Getting your woom bike fit for winter

Posted by Sarah Schwarz

Getting your woom bike fit for winter

Posted by Sarah Schwarz

If you love your woom bike, you'll care for, maintain, and lubricate it. Winter is a challenging time for bikes. Snow, wet and aggressive road salt are permanent fixtures on our roads during the cold months and can really take a toll on your beloved bike.


To make sure your bikes work smoothly despite the adverse conditions, and that your child is always as safe as can be, now is just the right time for some preparation and bike care. All it takes is a little care to extend the life of individual parts and avoid repairs.

Here are a few tips to get your woom bike and your kids safely through the winter.


Start with a good cleaning

Road salt can be damaging for bikes, especially for the chain, which can start to rust within hours. That's why we recommend removing the salt as gently as possible from your bike after every ride in the rain or snow. Just use warm water and a sponge, and then dry with a soft towel. Once slush and salt dry, the only way to deal with them is spraying and softening their grip with a special bike cleaning solution. If the chain develops a rusty coating  you can wipe it off with a soft towel, and then apply a fine coat of oil to the dry chain so that it glides smoothly again.

Our technician, Tim, shows you the best way to clean and care for your bike in this video:



...then reach for your tools

Once the bike's clean, you can get started with the maintenance.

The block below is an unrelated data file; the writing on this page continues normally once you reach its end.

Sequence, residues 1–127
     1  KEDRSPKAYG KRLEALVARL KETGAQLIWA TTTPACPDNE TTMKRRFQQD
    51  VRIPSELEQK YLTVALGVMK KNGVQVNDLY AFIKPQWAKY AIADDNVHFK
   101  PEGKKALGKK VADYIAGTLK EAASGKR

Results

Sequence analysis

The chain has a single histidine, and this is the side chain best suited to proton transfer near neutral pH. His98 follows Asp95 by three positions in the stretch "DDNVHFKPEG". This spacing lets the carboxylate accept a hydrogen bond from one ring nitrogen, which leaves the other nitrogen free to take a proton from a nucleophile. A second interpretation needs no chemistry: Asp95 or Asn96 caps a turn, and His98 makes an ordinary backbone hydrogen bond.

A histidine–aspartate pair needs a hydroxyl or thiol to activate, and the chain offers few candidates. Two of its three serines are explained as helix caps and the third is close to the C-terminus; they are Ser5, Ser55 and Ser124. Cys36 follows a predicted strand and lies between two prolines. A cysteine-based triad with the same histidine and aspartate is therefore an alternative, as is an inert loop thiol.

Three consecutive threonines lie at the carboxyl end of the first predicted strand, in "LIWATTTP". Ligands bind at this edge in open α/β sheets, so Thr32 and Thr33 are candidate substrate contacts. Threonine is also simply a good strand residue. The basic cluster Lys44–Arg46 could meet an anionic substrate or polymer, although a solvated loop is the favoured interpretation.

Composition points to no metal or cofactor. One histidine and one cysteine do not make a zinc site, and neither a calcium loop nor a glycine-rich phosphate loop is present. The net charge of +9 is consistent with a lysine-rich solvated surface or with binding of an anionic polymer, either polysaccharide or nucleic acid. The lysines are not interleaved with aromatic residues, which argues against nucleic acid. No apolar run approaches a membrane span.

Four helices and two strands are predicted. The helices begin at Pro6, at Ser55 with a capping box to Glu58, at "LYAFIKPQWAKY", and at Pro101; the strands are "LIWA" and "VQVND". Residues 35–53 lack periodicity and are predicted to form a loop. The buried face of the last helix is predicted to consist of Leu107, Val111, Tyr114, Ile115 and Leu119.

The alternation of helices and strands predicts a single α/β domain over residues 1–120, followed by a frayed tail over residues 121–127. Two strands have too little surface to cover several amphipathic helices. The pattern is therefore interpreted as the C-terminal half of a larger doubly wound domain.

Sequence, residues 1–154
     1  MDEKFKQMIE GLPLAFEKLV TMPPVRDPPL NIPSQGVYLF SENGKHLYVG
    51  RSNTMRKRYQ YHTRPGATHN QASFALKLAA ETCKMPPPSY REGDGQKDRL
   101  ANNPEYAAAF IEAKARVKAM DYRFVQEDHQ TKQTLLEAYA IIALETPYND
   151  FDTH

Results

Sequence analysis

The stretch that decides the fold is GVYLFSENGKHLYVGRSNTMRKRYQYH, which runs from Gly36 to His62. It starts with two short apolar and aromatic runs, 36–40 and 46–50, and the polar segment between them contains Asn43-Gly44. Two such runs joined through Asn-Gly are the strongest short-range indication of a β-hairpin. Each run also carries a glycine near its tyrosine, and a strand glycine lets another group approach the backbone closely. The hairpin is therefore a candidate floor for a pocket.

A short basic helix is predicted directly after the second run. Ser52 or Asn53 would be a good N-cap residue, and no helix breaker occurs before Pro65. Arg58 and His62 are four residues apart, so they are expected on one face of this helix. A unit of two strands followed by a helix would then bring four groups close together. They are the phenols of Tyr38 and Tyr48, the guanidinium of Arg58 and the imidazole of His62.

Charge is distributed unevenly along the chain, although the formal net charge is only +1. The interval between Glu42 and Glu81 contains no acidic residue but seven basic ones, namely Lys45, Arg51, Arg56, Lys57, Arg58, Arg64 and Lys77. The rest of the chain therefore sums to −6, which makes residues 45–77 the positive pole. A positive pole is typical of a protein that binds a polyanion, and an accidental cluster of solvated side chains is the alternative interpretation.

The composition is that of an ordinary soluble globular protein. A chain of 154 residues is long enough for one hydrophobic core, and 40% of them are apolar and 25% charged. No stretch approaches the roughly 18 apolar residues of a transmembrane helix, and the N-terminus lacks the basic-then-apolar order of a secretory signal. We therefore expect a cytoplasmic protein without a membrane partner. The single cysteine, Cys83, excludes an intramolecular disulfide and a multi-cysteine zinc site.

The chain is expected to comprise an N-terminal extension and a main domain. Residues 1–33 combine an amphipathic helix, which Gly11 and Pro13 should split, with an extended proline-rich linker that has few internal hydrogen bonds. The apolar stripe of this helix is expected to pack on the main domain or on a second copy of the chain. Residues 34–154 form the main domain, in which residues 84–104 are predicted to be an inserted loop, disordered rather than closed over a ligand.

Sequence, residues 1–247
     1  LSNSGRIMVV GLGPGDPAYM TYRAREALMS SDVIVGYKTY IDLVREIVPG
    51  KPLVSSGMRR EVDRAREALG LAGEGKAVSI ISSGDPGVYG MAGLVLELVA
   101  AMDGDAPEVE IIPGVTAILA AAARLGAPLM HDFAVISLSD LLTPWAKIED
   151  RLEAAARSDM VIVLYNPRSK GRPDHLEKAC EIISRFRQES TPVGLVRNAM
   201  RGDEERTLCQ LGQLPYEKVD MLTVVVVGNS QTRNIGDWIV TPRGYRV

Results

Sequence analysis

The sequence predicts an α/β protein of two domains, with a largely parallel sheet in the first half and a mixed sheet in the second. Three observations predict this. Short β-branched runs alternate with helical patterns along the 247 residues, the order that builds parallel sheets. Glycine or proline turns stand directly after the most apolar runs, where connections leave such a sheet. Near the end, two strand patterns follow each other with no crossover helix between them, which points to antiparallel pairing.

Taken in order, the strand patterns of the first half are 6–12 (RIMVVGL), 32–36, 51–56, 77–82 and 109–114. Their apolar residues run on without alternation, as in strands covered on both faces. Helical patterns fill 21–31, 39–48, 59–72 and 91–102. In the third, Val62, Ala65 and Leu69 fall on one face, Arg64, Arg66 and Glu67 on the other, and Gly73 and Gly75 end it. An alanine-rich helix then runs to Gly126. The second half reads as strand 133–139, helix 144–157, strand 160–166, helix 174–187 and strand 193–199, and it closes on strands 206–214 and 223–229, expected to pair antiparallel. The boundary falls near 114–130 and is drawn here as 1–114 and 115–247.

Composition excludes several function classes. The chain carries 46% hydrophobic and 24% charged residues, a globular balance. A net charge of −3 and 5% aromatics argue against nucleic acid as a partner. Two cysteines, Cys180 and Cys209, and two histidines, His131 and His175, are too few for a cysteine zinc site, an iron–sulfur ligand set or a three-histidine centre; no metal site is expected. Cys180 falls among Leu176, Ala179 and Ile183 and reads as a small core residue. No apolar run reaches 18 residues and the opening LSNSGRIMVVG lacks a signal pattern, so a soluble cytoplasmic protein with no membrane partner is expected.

It's important to keep in mind that a bike is a complex technical system that – like any other machine – needs to be maintained and inspected. You can find the recommended maintenance interval in the instruction manual for your woom bike. Be aware that your bike will have to be maintained more often if you use it very frequently.


That's why, for the safety of your child, we recommend that you do a brief safety check before every ride – a good rule of thumb is to remember:


screws, brakes, air

  1. Screws: Check to see that all screws and quick-release skewers are tight. Important screw connections are located on the handlebars, stem, headset, saddle, wheels and pedals.

  2. Brakes: Check to see that the front and rear brakes  are working properly. The brakes are key safety-relevant wear out parts – a visual check is not sufficient! Severe temperature fluctuations can cause condensed water to form in the brake-cable housing and then freeze   suddenly, causing the brakes to lock up. For preventative maintenance, you can clean and oil the brake cables, either yourself or have this done at a bike shop. Make sure not to get any oil on the brake pads or discs; otherwise braking performance will be greatly inhibited. Brake pads that come into contact with oil have to be replaced. Also, check to see whether the brake pads are still thick enough. In the winter, in particular, dirt wears down brake pads more quickly.